Thursday, June 15, 2006

Bib #13 Grey Worldwide "ASIA - a complex challenge." Grey Matter Issue Two 2006: 1-2

I got this periodical while waiting for my filmed interview with Paul Gardner today who is the Group Chairman of GREY Global Group in Australia and New Zealand. According to him the agency used to be an ad agency but now has expanded to a media communications group. Some it's clients are AXA Investments (Paul's baby according to him), Australia Post, Ambi Pur, BOSS Hugo Boss, Australian Conservation Foundation, Ribena, Pringles, TAC, Leggo's and others. I will write more on my interview with him today on my next entry.

For now I am going to focus on the article that appeared in Grey Worldwide periodical, Grey Matter.

I found the article titled "ASIA - a complex challenge" as been very relevant to my research topic. The article is mainly about the recent study conducted by Grey on the attitudes and values of Asian people with a view to effectively marketing and communicating in Asia. Grey has conducted 4600 interviews in 11 countries, namely Hong Kong (I am going there on the 1st of July!), China, Singapore, Indonesia, Malaysia, India, Taiwan, the Philippines, Thailand, Korea and Japan. The findings reveal a great and complex place where western goods are welcome, but also a place that is becoming contemporary in its own way and will not accept the West unless it complements local cultures and traditions.

The article was also talking about how Asia is such a complex area and is not a homogenous region. Every Asian country has its own cultural traditions and these can not be disregarded for a Western fad. The region contains countries with vast and deeply engrained differences such as religious beliefs as varied as Buddhism, Catholicism and Islam. The article pointed out that one of the biggest mistakes from marketers is, being insensitive to these cultural, aesthetic and moral norms. Few examples such as in Thailand where they have a deep Buddhist tradition, some western commercials can seem brash, aggressive and hard sell. Likewise in India, advertising in commercials can seem overly suggestive and erotic, offending local sensitivities. Another good point in the article is that brands that can be highly tuned to cultural norms across the region certainly stand a better chance than those that are simply transporting western values.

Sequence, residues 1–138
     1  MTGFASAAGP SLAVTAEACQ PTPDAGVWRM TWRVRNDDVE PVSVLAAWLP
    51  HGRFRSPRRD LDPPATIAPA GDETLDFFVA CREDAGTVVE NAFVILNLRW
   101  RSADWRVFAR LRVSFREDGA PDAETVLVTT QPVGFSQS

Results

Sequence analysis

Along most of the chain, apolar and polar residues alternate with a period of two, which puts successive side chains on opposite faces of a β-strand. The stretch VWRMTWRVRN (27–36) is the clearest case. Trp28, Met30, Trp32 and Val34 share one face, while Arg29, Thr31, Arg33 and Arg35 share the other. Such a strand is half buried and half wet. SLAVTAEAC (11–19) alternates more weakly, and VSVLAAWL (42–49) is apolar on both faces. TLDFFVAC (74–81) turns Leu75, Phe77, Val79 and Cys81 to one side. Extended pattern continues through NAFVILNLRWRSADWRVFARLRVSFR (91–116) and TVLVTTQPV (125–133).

The article talks about the laws affecting advertising and marketing in Asia which varies and are often very different let say for example Australia. In some cases the laws are inadequate and brands should be careful not to take advantage of these situations. One example is in India where there are no laws governing advertising which means children can be subjected to inappropriate communication for their age. One point on puffery in advertising that interest me is that, consumers in Asia pointed especially to medical, health care, diet products for typical over-claim. This is especially prevalent in Beijing and Shanghai where there is no laws on the prevention of over-claiming.

Relevancy to my topic: This periodical provides a thorough insight for my research on cross-cultural communication and my intention of developing a creative based translation-interpretation-cultural service as I have to look more carefully into issues regarding cultural, regional and communication sensitivities in Asia ESPECIALLY when Asia is not a homogenous region. I am now thinking of, instead of having a Chinese translator-interpreter representing China as a whole, I should look more into the different fragments of culture in China and have various translator-interpreter-creative mediators representing each of the many parts of China. That is my idea for now.


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